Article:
Buying your first bass guitar
A comprehensive 2019 electric bass guitar guide
The electric bass guitar is my instrument of choice, my passion, and my specialty. I’ve you’re looking to buy your first bass guitar, I wholeheartedly welcome you to this journey.
I will guide you through your first bass choice and the reasons as to why you should play bass guitar. I will teach you the basic elements of the ultimate grove instrument and everything you will need to start playing.
If you feel like instead buying an electric guitar or, even better, buying both instruments and start a multi-instrumentalist journey, feel free to check this beginner electric guitar buyer’s guide.
Are you ready to slap the bass?
How much budget do you have?
Electric bass guitars sell for about the same price as electric guitars. It can go as high as four zero ciphers for ultra pro, VIP equipment; to three-cero ciphers as pro equipment; top-tier budget instruments bellow the thousand dollar mark; or as low as an entry-level Android phone.
A beginner bass guitar is one that, budget or not, it’s friendly: easy to play, light, not too heavy, and featuring little to none customization options. RIght out of the bat, it should give you an amazing tone without you needing to move around the knobs.
More so, you can get enough power without needing extra pedals or a complex P.A. system. A P.A. system is an array of microphones and stereo speakers controlled by a console. They are very common in live setups.
And, most of all, a good beginner bass is one you can use to learn how to play bass guitar but, as you progress on the learning curve, it will still do justice for you. So it should be good for learning but also for rehearsing with your band, playing live, and even recording.
Like former Audioslave and Rage Against the Machine guitarist said, many professional musicians starters their careers with low-level instruments as they didn’t have resources to buy anything else. So, don’t worry too much about the instrument and worry more about the music.
There’s also the question of influences and styles. Depending on what you like, you would have to pick a bass guitar that fits your personality.
For example: if there’s a band you love or a specific bass guitar player you follow that may have inspired you to play the instrument, you might want to sound like this. See, every bass fills a specific space in the musical genre spectrum, so it means you wouldn’t be able to play metal with a jazz-oriented bass. Or, at least, not as good, and not without further knowledge.
What’s more, some iconic, famous and pro bass guitar players have their signature bass guitars. For instance, I love Pink Floyd’s Roger Waters signature Fender Precision bass. So, it’s always a good idea to check if your favorite musicians have their signature instruments, because signature bass guitars are particularly incredible. They aren’t too expensive and especially not as expensive as their electric guitar or electric guitar amps counterparts.
Plus, they pack the amazing tones these musicians made famous and, as a bass guitar is all about the instrument’s natural, clean tone and less about the amp and the pedals, this is something you should be looking for.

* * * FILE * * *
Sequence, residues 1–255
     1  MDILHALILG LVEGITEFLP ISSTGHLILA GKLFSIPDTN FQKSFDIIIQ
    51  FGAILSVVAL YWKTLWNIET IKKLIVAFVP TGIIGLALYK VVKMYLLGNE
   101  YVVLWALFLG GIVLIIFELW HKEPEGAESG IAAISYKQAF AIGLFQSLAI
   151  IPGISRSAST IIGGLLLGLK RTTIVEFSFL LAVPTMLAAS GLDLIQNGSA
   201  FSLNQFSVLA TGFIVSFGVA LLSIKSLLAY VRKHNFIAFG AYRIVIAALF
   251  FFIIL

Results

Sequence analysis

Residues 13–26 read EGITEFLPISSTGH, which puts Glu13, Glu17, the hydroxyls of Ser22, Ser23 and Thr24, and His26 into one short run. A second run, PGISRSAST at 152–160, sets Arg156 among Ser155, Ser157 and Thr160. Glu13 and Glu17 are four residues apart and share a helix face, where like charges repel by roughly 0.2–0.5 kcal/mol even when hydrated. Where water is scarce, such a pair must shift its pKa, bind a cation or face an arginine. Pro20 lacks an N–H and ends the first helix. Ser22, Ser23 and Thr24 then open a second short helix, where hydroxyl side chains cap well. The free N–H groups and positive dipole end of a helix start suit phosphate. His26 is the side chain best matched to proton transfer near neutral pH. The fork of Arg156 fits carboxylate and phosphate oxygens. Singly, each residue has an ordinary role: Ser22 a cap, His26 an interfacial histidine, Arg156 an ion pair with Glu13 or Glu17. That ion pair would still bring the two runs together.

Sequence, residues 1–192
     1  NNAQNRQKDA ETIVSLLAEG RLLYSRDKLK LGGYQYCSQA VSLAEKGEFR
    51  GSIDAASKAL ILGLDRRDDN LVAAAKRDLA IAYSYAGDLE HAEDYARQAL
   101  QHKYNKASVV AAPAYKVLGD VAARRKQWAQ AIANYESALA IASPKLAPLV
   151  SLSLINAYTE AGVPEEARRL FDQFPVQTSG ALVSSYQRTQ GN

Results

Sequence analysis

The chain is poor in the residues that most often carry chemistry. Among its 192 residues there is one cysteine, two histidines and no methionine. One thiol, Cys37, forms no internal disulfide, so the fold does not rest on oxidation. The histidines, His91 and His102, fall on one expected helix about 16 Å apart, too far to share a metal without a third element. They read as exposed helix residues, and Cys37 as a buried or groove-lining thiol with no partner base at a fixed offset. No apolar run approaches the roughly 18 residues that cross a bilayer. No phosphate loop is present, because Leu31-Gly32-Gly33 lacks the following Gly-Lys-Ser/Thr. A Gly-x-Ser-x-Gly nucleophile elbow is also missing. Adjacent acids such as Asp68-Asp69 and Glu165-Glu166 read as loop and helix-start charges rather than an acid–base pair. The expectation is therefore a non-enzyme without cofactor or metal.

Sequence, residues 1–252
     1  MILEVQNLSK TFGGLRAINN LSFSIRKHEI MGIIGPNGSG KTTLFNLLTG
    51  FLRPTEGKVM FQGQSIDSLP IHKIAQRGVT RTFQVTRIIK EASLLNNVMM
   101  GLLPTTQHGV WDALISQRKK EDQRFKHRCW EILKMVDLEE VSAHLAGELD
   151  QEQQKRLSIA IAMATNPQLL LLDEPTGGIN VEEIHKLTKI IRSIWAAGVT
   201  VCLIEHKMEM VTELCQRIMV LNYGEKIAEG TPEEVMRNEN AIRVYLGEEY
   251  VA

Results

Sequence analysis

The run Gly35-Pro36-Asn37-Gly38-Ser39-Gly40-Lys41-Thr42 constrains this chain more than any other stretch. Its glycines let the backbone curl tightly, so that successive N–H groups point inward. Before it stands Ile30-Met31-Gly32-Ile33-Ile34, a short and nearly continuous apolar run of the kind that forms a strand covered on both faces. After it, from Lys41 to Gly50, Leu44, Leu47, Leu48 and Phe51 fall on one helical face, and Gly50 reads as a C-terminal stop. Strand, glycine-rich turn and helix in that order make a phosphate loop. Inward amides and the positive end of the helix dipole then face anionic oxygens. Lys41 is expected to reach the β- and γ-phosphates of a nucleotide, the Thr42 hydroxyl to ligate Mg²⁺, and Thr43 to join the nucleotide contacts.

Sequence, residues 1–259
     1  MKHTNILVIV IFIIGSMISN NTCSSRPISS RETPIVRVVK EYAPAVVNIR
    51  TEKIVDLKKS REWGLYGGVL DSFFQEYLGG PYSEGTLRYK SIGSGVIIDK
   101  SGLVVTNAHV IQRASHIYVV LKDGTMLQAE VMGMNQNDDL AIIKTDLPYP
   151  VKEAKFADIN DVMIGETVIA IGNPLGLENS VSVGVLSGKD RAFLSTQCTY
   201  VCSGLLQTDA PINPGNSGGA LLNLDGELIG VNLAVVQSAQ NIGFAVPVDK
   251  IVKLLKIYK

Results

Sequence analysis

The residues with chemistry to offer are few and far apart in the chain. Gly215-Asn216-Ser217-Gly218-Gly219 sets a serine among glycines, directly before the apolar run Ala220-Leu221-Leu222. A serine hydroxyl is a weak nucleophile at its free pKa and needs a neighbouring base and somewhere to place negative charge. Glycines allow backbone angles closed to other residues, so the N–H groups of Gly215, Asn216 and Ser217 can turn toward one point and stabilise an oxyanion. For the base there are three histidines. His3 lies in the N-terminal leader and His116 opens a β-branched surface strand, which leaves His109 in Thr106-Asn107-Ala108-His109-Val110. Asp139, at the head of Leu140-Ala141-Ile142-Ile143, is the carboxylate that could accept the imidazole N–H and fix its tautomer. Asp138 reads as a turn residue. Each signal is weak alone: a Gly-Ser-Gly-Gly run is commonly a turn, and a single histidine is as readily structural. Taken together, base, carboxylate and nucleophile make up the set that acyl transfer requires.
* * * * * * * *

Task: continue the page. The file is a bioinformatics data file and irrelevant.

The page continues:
Overall, it’s all about the following questions:
- How much budget do you have?
- How much are you willing to pay?
- What are you using your bass for? (Learning, rehearsing, practicing, playing live)
- What kind of music do you like?
- What kind of bass guitar players do you like?
- What kind of sound do you want?
Answering those questions will put you on the right path to pick exactly what you need and what will make you happy.
And, lastly, as you’re looking for a beginner’s bass, it’s best to look for bundles that include everything you need to play: the bass, a strap, cables, and the bass amp.
We’re looking for light and friendly basses with good clean tones
Following this guide, you will learn:
- A brief history bass guitars, where do they come from?
- Why should you play a bass guitar?;
- What to look for in an electric bass guitar?;
- The top 10 electric bass guitars for beginners;
- Final considerations.
Meanwhile, here’s a great YouTube channel you can follow to learn how to play bass guitar.
Where do bass guitars come from?
It’s always good to learn a bit of context about the things you dive into. So let me tell you a quick story about the bass guitar’s origins.
The bass is the connection between rhythm and melodies just like it has ever been. It’s its primary design, its function. It’s the essence of every song and every band, even if you can’t hear it in your speakers.
Paul Tutmarc, an inventor from Seattle, created the first bass guitar in the 1930s. Nevertheless, it wasn’t popular or successful. Even before the formal invention of the electric bass, the “guitarrón,” commonly known as the “fingernail bass,” had been present in Latin music since the 1600s.
The Guitarrón is still common in folkloric Mexican music such as “Mariachi Music.” You can see a little bit about it on the video below:
Later on, Leo Fender manufactured the Fender Precision Bass in 1951. It was the result of tweaking the design of their solid-body guitars which used pickups to amplify their sounds.
Pickups are the in-built transistors of any electric guitar or bass, and they came into existence in the 1930s as a means to make guitars louder.